Takata inflators can explode with too much force, hurling shrapnel into drivers and passengers. At least 23 people have died from the problem worldwide and hundreds injured.
The recall covers the 2010 through 2016 Jeep Wrangler SUV, the 2010 Ram 3500 pickup and 4500/5500 Chassis Cab trucks, the 2010 and 2011 Dodge Dakota pickup, the 2010 through 2014 Dodge Challenger muscle car, the 2011 through 2015 Dodge Charger sedan, and the 2010 through 2015 Chrysler 300 sedan.
Fiat Chrysler owners will be notified by letter and dealers will replace the inflators with safe ones. The company says it's not aware of any injuries in vehicles involved in this recall, but says it has plenty of replacement parts and is urging people to get the repairs done.
"Recall service is free, we have replacement parts and dealers are ready to help," Mark Chernoby, FCA's head of safety for North America, said in a statement.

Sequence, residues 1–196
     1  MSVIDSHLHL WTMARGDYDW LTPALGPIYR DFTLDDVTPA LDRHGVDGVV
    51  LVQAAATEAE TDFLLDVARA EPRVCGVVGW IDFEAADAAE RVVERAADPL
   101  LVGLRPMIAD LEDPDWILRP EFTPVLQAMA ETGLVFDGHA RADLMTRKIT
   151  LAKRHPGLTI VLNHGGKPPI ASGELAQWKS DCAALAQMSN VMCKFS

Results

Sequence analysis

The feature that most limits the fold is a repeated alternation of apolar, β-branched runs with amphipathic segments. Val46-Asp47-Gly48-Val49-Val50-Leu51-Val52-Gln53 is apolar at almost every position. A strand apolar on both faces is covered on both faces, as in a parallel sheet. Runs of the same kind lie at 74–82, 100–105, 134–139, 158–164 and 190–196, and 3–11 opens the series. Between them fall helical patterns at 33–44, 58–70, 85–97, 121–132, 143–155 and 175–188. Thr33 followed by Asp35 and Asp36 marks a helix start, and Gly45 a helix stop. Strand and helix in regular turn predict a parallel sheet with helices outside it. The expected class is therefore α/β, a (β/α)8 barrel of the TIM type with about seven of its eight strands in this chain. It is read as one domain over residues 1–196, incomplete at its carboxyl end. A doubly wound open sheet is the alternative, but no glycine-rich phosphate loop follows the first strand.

The recall includes 1.4 million vehicles in the United States.
Takata used the chemical ammonium nitrate to create a small explosion to inflate the airbags. But the chemical can deteriorate over time due to high humidity and cycles from hot temperatures to cold. The most dangerous inflators are in areas of the South along the Gulf of Mexico that have high humidity.
The Fiat-Chrysler recall is part of a phased-in replacement of Takata inflators being managed by the National Highway Traffic Safety Administration.
Owners can check to see if their vehicles have been recalled by going to airbagrecall.com and keying in license plate or vehicle identification numbers.
More than three years after the U.S. National Highway Traffic Safety Administration took over management of recalls involving Takata inflators, one third of the recalled inflators have not been replaced, according to an annual report last year from the government and a court-appointed monitor. The report said 16.7 million faulty inflators out of 50 million under recall have yet to be fixed.
Safety advocates say the completion rate should be far higher given the danger associated with the inflators.
The recalls forced Takata of Japan to seek bankruptcy protection and sell most of its assets to pay for the fixes.